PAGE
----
Location: 1610 Washington Heights, Ann Arbor, MI 48104
Hours: Sunrise to Sunset
Where to See Lavender in Michigan
By mid-July lavender is bursting with purple petals and a delightful floral aroma at Michigan’s lavender farms.
Some of the farms allow visitors to tour the grounds and pick their own lavender bouquets. Most also have gift shops filled with lavender soaps, candles, linen sprays, lotions, essential oils, and lavender-infused food and drink.
On a sunny day, a lavender lemonade fizz is quite refreshing at Lavender Hill Farm in Boyne City.
Michigan also celebrates lavender with annual lavender festivals and events such as the 21st annual Michigan Lavender Festival in June and Blake’s Lavender Festival in July.
This year’s Michigan Lavender Festival takes place June 23-25, 2023, at the Eastern Michigan Fairgrounds in Imlay City. Festival activities include a natural health and wellness expo, 150+ artisans and makers, lavender craft and DIY project demos and classes, motor show featuring women-owned vehicles, food trucks, and, of course, lavender and lavender products from lavender farms around Michigan.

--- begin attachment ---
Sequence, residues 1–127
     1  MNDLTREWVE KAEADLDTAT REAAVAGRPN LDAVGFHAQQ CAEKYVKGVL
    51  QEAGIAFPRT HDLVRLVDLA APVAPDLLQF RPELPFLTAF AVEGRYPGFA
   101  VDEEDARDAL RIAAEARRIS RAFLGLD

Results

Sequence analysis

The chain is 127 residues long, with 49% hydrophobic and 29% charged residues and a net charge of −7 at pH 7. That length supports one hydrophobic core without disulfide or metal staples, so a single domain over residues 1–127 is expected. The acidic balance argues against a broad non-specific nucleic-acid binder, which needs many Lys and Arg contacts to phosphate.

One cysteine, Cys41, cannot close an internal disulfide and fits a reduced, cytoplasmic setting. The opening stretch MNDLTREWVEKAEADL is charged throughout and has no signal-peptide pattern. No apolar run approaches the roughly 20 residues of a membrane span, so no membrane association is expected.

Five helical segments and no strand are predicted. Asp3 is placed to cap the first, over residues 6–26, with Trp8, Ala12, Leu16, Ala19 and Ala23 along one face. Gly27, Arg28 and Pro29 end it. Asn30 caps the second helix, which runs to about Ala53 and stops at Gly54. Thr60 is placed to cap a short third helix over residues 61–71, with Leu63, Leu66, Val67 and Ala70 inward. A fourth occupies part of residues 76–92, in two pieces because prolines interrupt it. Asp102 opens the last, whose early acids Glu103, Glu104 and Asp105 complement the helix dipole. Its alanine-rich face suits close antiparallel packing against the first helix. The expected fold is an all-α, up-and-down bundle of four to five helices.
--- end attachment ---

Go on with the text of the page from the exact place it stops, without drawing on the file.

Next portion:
Blake’s Lavender Festival runs 10 a.m. – 5 p.m. July 14-16 at Blake’s Orchard & Cider Mill, 17985 Armada Center Rd in Armada. Festivities include DIY workshops, children’s activities, U-pick lavender (and fruits and veggies), classes, speakers, demonstrations, train rides to the lavender fields, art and craft fair with 200+ artisan vendors, and lavender-infused foods and drinks. Admission is free for children 10 and younger, and tickets cost $12
Dahlia Hill in Midland
In bloom from July to October, Dahlia Hill in Midland features eight terraces filled with 3,000 dahlia plants of 300 varieties. In addition to the beautiful dahlias to admire, visitors will see aluminum sculptures created by local artist Charles Breed.
Location: 2809 Orchard Dr, Midland, MI 48640
Hours: Dawn to dusk
Where to See Sunflowers in Michigan
Kansas may be the Midwestern state known for sunflowers, but Michigan has beautiful sunflower fields worthy of an Instagram selfie, too.
In fact, the owners of a sunflower field in Jenison, Michigan, intend for you to do exactly that. According to GRkids.com, benches and props have been placed in the privately-owned sunflower field for visitors’ photo ops.